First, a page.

报 告 人：Asa Frostegard 教授 Faculty of Chemistry, Biotechnology and Food Science, Norwegian University of Life Sciences, Norway
联 系 人：张晓君 firstname.lastname@example.org
Denitrifying organisms need to handle frequent fluctuations in oxygen and oxyanion availability. Although being taxonomically diverse, their overall regulatory network of the denitrification pathway seems to be quite general. They prefer oxygen as electron acceptor for respiration, but when it becomes limiting, they express reductases that allow them to sustain a respiratory metabolism and thrive on nitrogen oxyanions. Organisms with a complete denitrification pathway reduce NO3- to N2 in four consecutive steps via the intermediates. Our studies of model bacterial denitrifiers as well as new isolates have unraveled a large phenotypic diversification among these organisms with respect to the way they handle transitions from aerobic respiration to denitrification, leading to large variations in accumulation of the intermediates (NO2-, NO, N2O) even between closely related bacteria. This may be due to lack of genes encoding some of the reductases. Often, however, transcriptional regulation or control mechanisms at the metabolic level are involved. In this talk I will summarize our current knowledge on denitrification phenotypes and discuss how differences in transcriptional regulation and metabolic control influence N2O emissions, and how phenotypes with strong capacity for N2O reduction can be used to mitigate the emissions of this climate gas from agricultural ecosystems.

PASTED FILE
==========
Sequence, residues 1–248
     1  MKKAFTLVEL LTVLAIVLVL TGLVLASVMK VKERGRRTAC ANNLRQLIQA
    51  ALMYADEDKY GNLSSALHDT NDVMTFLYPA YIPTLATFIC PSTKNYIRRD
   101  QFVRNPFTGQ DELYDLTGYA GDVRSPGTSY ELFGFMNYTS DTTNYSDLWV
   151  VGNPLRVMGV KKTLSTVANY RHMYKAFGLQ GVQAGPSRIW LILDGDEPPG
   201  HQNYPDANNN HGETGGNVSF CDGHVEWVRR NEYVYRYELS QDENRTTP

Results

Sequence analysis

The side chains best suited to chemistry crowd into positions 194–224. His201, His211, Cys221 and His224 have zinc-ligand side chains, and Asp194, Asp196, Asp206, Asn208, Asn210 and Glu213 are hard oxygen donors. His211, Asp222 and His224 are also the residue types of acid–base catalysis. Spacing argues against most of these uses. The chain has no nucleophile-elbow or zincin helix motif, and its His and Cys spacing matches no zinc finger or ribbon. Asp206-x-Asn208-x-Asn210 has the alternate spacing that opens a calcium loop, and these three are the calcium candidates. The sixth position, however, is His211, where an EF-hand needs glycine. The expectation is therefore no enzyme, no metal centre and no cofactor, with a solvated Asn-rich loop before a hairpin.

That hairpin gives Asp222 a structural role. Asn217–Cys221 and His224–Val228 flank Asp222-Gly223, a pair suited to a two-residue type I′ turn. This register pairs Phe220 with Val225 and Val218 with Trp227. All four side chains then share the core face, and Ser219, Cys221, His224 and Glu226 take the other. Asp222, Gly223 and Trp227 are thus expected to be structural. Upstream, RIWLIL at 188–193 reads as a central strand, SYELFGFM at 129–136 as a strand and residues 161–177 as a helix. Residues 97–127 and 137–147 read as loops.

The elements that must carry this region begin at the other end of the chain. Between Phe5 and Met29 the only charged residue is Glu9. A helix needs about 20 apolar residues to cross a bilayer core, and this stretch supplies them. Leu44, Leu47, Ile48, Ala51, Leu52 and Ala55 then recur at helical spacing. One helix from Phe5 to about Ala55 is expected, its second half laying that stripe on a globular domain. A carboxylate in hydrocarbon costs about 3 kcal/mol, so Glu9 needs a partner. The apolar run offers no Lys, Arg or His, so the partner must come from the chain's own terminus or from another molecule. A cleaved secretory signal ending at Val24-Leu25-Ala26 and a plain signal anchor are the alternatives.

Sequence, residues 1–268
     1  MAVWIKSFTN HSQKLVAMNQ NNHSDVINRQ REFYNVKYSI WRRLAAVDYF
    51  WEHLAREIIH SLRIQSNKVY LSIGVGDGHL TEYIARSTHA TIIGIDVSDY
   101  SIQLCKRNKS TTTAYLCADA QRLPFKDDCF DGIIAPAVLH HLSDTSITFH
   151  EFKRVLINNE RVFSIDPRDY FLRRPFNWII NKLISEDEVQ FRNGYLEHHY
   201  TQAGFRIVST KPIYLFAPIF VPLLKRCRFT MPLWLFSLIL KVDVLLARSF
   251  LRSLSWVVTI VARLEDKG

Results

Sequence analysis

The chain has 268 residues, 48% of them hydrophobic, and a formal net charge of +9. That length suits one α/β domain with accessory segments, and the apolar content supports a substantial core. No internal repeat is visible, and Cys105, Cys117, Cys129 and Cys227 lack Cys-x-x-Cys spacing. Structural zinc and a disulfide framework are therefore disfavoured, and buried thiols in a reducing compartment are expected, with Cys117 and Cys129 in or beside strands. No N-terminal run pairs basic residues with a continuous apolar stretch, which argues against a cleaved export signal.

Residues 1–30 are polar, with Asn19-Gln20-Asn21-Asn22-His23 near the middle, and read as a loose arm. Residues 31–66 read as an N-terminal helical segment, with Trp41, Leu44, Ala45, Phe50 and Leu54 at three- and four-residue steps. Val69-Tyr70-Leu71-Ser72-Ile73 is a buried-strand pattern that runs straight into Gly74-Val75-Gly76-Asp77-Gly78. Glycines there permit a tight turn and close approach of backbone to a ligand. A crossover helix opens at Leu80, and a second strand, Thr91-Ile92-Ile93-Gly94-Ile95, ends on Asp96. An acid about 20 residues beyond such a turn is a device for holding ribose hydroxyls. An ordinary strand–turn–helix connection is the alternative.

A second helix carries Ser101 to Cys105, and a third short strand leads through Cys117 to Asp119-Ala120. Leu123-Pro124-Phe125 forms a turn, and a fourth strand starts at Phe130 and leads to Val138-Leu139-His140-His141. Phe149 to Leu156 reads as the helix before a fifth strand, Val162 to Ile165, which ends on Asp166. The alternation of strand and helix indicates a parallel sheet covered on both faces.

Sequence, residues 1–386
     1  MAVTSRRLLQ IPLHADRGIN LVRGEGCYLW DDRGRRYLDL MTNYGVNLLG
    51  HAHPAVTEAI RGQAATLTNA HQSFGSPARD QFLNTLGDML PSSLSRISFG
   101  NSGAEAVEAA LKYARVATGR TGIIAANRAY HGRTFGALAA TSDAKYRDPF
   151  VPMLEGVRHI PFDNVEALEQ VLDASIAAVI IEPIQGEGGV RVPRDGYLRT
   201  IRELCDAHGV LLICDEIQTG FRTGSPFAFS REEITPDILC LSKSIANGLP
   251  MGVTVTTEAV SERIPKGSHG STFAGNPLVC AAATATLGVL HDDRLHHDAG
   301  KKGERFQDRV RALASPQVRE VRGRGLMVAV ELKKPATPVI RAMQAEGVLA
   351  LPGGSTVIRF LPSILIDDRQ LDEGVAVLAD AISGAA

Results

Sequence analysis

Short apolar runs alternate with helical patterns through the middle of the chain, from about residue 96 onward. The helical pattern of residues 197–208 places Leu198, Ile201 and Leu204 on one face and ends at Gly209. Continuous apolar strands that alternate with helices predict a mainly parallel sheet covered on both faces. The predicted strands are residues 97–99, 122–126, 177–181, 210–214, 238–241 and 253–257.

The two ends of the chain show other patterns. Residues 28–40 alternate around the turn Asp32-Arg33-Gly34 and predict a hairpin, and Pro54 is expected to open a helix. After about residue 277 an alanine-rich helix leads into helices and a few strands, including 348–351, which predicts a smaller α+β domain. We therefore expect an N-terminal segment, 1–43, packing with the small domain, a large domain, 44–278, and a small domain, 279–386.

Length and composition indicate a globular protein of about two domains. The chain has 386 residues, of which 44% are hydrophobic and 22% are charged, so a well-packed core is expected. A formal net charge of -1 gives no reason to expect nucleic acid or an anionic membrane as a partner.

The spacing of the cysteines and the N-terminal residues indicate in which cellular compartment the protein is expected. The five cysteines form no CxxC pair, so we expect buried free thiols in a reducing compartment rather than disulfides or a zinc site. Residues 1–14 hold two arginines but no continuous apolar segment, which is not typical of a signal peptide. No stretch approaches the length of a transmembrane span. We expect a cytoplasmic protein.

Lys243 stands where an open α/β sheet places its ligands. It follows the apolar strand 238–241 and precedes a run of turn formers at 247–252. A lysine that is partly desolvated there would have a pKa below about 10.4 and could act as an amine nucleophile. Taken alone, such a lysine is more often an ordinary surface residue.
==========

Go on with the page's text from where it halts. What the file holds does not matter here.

Asa Frostegard, Together with Prof. Lars Bakken and Dr. Peter Dörsch, I founded the NMBU Nitrogen Group (http://www.nmbu.no/en/research/groups/nitrogen) which now comprises about 25 co-workers. Our main focus is on the regulatory biology of denitrification. Studies include genome analyses and phenotypic characterisations of the eco-physiology of selected microbes, representing different groups of denitrifiers and other nitrate reducing organisms; analyses of gas kinetics of denitrifier communities in response to oxygen depletion and other environmental controllers; and the abundance and diversity of denitrification genes and transcripts in soil. We have strong links to research groups inside Norway (NIBIO) and have established collaboration with a number of renowned research groups in Europe, China, Ethiopia, New Zealand and USA. Our research has received attention both nationally and internationally. In the National Evaluation of biological and medical research in Norway in 2011 our group received the score “Very Good to Excellent”. I recently coordinated a Frimedbio project, financed by Norwegian Research Council, and a Marie Curie Initial
Training Network, NORA (Nitrous Oxide Research Alliance; https://nora.nmbu.no/), financed by EU within the Excellence pillar. A recent (2017) Eurovision documentary about our research: http://www.euronews.com/2017/01/30/no-laughing-matter-nitrous-oxideanother-climate-enemy. We were invited to arrange the 17th European Nitrogen Cycle meeting in Oslo 26-28 September 2012. Recognition by the international research community was also shown when I in 2013 was elected to be one of the ten Members of the International Directory Board of ISME; International Society for Microbial Ecology (http://www.isme-microbes.org/).